Government of Canada Has Officially Extended Copyright Terms

Government of Canada Has Officially Extended Copyright Terms

Emily XiangEmily Xiang is an IPilogue Writer and a 3L JD Candidate at Osgoode Hall Law School.

Huge changes have come to the Canadian Copyright Act. In late November of 2022, an Order in Council was signed to fix December 30, 2022 as the date on which Division 16 of Part 5 of the Copyright Act came into force. The amendments come by way of Bill C-19, the Budget Implementation Act, 2022, No. 1 legislation passed back in June 2022  to increase the term of copyright protection from 50 years to 70 years following the end of the calendar year of the author’s death.

The new changes are in line with Canada’s treaty obligations under the Canada-United States-Mexico Agreement (CUSMA), which came into force on July 1st, 2020. Under CUSMA, the country made a commitment to extend its general term of copyright protection from 50 years to 70 years following the life of the author, with a transition period lasting until the end of 2022 to implement the changes. The extension brings Canada in line with other jurisdictions, including with many of its major trading partners, such as the United States, the United Kingdom, and the European Union. This extension will hopefully generate new opportunities for investment and commerce for Canada’s creative industries.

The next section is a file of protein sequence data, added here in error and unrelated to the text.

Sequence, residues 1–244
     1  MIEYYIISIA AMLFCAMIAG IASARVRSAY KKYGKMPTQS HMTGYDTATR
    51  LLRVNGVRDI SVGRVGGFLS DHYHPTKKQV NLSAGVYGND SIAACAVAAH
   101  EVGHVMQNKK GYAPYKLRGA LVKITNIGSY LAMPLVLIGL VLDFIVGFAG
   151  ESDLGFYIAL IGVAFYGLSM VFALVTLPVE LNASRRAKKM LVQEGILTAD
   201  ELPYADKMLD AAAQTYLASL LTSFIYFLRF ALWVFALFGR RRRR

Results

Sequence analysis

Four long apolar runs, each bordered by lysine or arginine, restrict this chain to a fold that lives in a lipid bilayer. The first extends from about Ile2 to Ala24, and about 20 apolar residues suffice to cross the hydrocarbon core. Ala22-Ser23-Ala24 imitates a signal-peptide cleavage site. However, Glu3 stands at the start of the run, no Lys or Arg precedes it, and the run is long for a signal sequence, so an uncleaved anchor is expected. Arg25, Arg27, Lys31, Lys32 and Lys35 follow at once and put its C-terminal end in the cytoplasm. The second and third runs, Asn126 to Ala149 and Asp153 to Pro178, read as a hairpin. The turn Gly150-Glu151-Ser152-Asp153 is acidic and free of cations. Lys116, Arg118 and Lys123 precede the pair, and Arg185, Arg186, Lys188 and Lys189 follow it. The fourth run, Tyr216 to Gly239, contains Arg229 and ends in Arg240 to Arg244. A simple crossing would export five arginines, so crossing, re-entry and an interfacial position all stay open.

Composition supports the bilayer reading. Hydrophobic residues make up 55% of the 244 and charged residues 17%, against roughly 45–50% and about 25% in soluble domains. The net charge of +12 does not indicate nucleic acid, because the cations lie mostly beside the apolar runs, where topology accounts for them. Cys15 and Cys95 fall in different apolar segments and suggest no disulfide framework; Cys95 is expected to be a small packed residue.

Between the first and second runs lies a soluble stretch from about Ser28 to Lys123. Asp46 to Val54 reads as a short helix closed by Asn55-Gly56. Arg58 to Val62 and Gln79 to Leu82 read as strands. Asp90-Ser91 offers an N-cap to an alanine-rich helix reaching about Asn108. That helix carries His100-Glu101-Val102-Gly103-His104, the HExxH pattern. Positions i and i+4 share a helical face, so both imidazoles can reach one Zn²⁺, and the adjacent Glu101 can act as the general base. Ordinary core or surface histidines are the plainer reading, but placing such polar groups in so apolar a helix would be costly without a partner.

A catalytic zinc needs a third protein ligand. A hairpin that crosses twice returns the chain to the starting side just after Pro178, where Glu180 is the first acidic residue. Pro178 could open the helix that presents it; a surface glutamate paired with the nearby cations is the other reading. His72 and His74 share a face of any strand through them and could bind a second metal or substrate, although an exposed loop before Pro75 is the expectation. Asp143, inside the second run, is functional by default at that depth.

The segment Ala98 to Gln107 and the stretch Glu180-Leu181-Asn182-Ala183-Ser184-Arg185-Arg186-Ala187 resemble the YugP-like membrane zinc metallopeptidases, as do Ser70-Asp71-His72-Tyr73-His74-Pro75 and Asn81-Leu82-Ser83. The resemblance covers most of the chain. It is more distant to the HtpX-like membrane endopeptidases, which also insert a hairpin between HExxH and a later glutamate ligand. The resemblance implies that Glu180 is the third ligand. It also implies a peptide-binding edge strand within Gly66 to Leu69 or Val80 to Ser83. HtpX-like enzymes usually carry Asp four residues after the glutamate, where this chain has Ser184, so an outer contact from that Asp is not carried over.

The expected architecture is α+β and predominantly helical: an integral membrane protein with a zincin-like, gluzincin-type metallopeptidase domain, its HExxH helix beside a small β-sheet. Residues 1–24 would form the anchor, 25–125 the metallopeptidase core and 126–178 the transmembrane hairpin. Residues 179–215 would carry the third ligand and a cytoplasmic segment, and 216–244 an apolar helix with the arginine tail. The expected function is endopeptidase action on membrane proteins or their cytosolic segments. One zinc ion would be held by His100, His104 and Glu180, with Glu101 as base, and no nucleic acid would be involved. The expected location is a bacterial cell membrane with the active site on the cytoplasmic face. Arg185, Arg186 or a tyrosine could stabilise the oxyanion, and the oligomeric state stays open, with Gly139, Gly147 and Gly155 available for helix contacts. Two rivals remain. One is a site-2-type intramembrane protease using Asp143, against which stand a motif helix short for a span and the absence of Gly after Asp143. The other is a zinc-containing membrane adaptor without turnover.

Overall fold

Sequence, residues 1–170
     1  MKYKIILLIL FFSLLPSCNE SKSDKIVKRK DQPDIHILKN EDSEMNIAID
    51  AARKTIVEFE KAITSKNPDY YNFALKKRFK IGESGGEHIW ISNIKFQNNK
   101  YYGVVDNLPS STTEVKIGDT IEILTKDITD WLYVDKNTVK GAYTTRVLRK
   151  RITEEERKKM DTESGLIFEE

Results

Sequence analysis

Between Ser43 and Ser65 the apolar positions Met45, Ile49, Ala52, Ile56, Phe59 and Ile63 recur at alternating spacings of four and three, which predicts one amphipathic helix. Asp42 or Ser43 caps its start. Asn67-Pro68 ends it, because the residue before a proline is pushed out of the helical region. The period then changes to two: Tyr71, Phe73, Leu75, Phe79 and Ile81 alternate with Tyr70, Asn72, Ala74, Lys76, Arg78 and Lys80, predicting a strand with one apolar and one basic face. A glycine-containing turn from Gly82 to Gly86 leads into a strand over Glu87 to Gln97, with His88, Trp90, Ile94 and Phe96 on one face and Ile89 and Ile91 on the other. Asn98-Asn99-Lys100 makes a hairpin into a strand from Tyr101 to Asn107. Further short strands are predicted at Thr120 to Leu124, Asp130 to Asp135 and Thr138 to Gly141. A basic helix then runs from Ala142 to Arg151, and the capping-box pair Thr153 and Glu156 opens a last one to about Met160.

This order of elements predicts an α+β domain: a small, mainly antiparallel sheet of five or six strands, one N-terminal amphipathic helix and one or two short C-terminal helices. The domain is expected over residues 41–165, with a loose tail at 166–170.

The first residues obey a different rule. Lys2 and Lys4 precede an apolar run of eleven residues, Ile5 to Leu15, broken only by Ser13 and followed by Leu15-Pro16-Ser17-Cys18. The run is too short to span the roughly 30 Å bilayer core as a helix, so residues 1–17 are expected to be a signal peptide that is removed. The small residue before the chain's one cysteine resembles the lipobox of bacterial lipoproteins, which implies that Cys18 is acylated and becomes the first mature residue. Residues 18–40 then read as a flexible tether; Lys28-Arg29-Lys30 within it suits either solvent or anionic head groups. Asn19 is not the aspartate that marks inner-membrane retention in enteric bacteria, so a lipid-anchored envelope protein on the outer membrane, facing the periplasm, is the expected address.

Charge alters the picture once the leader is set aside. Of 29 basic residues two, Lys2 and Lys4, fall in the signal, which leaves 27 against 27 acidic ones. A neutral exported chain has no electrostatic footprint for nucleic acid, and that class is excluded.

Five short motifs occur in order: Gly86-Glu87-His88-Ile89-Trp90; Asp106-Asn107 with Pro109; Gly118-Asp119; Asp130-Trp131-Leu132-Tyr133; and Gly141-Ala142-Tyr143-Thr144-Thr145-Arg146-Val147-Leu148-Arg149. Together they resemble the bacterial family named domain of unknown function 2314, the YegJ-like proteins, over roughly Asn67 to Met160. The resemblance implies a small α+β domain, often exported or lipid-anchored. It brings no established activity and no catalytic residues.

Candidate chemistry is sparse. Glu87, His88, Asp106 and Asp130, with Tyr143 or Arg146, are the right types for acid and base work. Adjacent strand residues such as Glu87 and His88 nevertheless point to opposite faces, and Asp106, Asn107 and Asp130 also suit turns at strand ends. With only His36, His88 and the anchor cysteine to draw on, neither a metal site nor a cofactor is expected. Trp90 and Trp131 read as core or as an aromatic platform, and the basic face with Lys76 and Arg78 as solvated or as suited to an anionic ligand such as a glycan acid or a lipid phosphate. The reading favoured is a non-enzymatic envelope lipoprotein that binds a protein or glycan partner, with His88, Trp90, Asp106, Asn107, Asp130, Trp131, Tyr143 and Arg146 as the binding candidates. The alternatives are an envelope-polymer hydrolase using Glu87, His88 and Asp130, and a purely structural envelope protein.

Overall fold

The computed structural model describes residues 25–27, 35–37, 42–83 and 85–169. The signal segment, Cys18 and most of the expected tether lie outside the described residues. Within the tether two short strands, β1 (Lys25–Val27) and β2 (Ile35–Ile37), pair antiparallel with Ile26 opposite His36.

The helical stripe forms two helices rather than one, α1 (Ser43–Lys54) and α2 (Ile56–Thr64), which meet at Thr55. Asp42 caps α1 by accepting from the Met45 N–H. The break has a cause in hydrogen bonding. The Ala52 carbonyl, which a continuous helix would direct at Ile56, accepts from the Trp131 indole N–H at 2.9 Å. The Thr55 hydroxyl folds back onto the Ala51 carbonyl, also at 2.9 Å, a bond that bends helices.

Following CUSMA, the Government of Canada commenced public consultations in early 2021 on the implications of the proposed copyright term extension. The consultations were met with mixed reactions. Many believed that the extended term of protection would provide rights holders with more time to commercialize their works, thereby incentivizing creative production. On the other hand, the proposed amendments also garnered significant pushback, particularly from user-oriented groups, as the extended term would mean further restriction on public access. An overview of the differing views from the perspective of the educational publishing industry in particular can be found in this IPilogue article

Following the public consultations, Prime Minister Justin Trudeau also addressed mandate letters to the Ministers of Canadian Heritage and of Innovation, Science and Industry, requesting that the departments work together to amend the Copyright Act in order to further protect artists, creators, and copyright holders. A commitment to making the legislative changes was also included in the 2022 Canadian federal budget.

With the changes to the Copyright Act coming into effect, there is more clarity as to what works might be encompassed by the new amendments. According to firms that specialize in intellectual property law, the extended term of protection will not apply to works that already entered the public domain before the amendments come into force. Works with copyright set to expire on or before December 30, 2022 will not be privy to the extended protection term. In other words, the extension will not operate retroactively. On the other hand, copyright in a work that is set to expire on or after December 31, 2022 should benefit from an additional 20 years of protection.